Some spring flowers could be dangerous for pets

Watching out for toxins in some plants
Toxins in some plants could turn deadly for pets if not taken care of
Published: Mar. 14, 2023 at 6:07 PM CDT|Updated: Mar. 14, 2023 at 6:31 PM CDT
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SPRINGFIELD, Mo. (KY3) - Even with the cooler air in place early this week, we are continuing to trend toward milder days as spring starts next week.

The returning spring warmth allows spring blooms to pop back up across the Ozarks. However, veterinarians like Dr. Philip Brown of the Animal Care Center in Springfield already see some cases of flowers making pets sick or ill.

“Pets can be drawn to the bulbs of plants,” Brown says. “Sometimes they do that because the plants have been put in with a mixture of fertilizers, and the aroma entices the dogs to come to them.”

While the bulb of the plants contains the most amount of toxins and pollen in a plant, the stem and the flower can also have a considerable amount of toxins for dogs and cats. Regarding toxins coming from particular plants, Brown quickly singled out lilies, daylilies, hyacinths, daffodils, and tulips as some of the culprits behind cases he had seen.

“The symptoms will range from wobbling to vomiting and diarrhea,” Brown says. “You can also end up seeing pets with liver problems and liver toxins. If they’re eating enough of the bulbs, sometimes they can damage and elevate the liver enzymes.” He also cited cats getting into the lilies and seeing kidney issues arise.

For pet owners, Brown and other veterinarians say there are important steps to make sure your pet gets taken care of if they eat a plant that’s toxic or non-toxic.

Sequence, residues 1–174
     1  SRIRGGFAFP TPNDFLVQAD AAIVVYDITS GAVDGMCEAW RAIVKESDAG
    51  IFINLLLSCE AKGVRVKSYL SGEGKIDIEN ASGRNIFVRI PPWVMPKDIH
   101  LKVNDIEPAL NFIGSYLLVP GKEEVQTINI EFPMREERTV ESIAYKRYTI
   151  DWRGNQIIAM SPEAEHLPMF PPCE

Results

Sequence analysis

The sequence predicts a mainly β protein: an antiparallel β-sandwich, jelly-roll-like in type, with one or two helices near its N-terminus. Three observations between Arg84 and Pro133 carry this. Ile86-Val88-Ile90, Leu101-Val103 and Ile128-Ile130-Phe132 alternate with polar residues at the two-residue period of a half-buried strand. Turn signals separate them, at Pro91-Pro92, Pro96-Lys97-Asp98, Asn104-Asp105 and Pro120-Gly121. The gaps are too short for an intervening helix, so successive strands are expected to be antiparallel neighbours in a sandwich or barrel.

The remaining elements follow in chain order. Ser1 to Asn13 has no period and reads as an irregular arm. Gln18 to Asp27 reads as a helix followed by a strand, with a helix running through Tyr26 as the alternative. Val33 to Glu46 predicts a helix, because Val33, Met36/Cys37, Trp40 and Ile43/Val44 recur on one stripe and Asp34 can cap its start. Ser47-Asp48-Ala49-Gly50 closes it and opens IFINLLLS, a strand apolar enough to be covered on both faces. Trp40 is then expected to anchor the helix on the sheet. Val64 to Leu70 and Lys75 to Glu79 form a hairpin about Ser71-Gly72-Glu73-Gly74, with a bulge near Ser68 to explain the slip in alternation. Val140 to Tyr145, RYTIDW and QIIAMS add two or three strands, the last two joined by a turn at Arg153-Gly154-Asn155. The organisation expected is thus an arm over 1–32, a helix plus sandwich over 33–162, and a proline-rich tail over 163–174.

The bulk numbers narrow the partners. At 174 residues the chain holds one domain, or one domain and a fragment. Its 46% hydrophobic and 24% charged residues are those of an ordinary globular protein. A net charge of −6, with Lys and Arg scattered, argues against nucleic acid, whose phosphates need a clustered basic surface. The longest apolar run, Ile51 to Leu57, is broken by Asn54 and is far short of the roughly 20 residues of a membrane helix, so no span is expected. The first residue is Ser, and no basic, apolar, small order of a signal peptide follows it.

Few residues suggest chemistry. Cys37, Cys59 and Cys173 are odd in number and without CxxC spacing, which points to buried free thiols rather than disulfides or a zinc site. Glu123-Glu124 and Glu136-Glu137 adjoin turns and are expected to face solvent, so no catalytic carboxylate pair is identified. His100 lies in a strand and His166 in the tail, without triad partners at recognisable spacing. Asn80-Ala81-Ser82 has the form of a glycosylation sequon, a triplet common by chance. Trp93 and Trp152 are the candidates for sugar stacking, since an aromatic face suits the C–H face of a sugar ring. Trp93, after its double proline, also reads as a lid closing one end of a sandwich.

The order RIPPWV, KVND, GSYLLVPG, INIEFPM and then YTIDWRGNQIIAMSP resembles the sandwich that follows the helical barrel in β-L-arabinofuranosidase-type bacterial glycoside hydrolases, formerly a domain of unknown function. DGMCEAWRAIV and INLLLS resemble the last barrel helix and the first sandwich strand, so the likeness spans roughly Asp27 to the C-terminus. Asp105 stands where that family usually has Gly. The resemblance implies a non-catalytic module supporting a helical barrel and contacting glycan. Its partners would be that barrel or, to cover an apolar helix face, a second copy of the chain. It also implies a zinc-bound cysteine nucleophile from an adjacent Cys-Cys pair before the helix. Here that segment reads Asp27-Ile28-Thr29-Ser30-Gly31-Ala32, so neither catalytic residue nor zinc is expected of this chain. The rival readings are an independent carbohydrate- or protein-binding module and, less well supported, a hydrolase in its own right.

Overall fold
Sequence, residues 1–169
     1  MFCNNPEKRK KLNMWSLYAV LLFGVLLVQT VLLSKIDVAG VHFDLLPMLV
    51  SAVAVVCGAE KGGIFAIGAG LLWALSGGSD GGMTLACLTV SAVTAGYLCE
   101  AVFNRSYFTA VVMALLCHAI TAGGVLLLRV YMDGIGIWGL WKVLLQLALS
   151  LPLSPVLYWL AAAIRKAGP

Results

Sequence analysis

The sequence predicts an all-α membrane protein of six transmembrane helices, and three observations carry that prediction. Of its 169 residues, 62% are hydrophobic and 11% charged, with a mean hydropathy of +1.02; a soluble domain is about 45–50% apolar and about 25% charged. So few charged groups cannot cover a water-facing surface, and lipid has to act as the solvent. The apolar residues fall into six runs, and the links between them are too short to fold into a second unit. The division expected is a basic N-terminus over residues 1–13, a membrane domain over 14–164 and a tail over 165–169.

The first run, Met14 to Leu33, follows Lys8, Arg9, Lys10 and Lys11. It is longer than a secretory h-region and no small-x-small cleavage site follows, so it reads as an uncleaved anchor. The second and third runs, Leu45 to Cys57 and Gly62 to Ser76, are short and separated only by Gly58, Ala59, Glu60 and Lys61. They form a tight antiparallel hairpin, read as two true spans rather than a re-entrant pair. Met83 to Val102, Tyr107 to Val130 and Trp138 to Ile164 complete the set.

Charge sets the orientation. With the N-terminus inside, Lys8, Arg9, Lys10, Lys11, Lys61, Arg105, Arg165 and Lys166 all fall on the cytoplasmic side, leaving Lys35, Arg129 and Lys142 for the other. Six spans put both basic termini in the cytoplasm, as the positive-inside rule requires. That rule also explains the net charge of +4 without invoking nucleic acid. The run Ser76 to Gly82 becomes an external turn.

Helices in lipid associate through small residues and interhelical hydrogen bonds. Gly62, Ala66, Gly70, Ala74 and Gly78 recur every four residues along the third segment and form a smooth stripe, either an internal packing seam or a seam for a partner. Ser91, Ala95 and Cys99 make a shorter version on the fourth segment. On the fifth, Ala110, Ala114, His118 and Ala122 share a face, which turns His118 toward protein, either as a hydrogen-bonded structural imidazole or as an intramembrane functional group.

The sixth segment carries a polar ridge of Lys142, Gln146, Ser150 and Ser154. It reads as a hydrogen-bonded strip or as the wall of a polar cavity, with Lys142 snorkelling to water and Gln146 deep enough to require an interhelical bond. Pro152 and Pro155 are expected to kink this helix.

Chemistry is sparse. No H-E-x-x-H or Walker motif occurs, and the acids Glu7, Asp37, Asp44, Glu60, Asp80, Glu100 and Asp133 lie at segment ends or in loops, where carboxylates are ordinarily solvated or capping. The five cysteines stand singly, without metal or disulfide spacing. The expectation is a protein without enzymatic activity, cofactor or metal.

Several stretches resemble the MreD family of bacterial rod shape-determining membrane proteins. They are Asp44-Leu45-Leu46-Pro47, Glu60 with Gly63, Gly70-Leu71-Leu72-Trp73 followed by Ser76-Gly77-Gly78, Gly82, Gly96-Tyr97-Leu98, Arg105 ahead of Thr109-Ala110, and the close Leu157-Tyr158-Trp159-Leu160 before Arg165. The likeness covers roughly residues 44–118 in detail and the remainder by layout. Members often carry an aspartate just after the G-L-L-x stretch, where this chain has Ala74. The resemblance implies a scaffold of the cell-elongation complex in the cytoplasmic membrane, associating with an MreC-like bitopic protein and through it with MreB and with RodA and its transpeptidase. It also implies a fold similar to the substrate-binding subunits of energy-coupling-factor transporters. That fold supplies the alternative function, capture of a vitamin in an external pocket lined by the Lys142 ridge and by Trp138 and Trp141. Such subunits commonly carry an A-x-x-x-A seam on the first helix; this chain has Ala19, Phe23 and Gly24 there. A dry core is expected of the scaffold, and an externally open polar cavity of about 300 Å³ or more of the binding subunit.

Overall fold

“We would ask that pet owners identify the plant and find out if it’s toxic or not or by calling the Pet Poison Helpline,” Brown says. “Secondly, watch the pet. Monitor its food and water and make sure it doesn’t start vomiting or having a loose stool. If they think that their cat or dog ate something bad, then we need to see it. You’ll want to get in as soon as possible.”

By identifying the plant, your veterinarian will determine if toxins got into your dog or cat and determine the best action. A complete list of toxic and safe cat and dog plants can be found here.

In terms of prevention, your pet can still enjoy time outside. Whether it’s your backyard or in the park, take a look and see what types of plants there are to determine if your pet can venture off leash in that area. If exercising with your pet, keep them on a leash or let them exercise in a fenced yard or dog park. If you love plants, your veterinarian can list safe plants for your garden or inside your home.

The most important thing to remember is don’t wait if you think you need to see the veterinarian. The sooner you bring the plant and your pet in for care, the faster and easier it will be to get treatment.

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